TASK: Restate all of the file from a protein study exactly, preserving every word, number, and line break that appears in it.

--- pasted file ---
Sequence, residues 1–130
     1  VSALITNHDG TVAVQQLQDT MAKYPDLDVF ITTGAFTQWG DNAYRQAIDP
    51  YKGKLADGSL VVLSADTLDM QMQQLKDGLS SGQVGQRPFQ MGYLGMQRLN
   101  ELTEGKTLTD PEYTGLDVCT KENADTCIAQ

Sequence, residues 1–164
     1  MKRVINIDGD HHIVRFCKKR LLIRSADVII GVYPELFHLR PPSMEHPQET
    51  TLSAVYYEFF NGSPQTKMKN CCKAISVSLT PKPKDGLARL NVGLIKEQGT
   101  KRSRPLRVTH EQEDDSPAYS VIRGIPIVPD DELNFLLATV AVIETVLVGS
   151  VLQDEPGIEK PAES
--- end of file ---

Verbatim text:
Sequence, residues 1–130
     1  VSALITNHDG TVAVQQLQDT MAKYPDLDVF ITTGAFTQWG DNAYRQAIDP
    51  YKGKLADGSL VVLSADTLDM QMQQLKDGLS SGQVGQRPFQ MGYLGMQRLN
   101  ELTEGKTLTD PEYTGLDVCT KENADTCIAQ

Sequence, residues 1–164
     1  MKRVINIDGD HHIVRFCKKR LLIRSADVII GVYPELFHLR PPSMEHPQET
    51  TLSAVYYEFF NGSPQTKMKN CCKAISVSLT PKPKDGLARL NVGLIKEQGT
   101  KRSRPLRVTH EQEDDSPAYS VIRGIPIVPD DELNFLLATV AVIETVLVGS
   151  VLQDEPGIEK PAES